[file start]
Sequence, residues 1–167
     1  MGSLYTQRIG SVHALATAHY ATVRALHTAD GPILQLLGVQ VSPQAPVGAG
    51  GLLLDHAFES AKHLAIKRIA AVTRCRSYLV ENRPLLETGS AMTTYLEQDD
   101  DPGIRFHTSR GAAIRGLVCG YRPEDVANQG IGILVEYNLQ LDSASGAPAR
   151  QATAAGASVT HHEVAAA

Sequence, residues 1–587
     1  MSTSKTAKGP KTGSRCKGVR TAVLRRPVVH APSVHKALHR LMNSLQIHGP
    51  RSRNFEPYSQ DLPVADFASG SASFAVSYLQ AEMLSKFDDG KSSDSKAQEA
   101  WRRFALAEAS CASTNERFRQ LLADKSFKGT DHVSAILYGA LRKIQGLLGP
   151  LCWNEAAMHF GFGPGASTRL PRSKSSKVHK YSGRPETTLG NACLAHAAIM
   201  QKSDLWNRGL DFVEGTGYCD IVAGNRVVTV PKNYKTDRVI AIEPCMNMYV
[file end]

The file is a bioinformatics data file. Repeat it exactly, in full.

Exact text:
Sequence, residues 1–167
     1  MGSLYTQRIG SVHALATAHY ATVRALHTAD GPILQLLGVQ VSPQAPVGAG
    51  GLLLDHAFES AKHLAIKRIA AVTRCRSYLV ENRPLLETGS AMTTYLEQDD
   101  DPGIRFHTSR GAAIRGLVCG YRPEDVANQG IGILVEYNLQ LDSASGAPAR
   151  QATAAGASVT HHEVAAA

Sequence, residues 1–587
     1  MSTSKTAKGP KTGSRCKGVR TAVLRRPVVH APSVHKALHR LMNSLQIHGP
    51  RSRNFEPYSQ DLPVADFASG SASFAVSYLQ AEMLSKFDDG KSSDSKAQEA
   101  WRRFALAEAS CASTNERFRQ LLADKSFKGT DHVSAILYGA LRKIQGLLGP
   151  LCWNEAAMHF GFGPGASTRL PRSKSSKVHK YSGRPETTLG NACLAHAAIM
   201  QKSDLWNRGL DFVEGTGYCD IVAGNRVVTV PKNYKTDRVI AIEPCMNMYV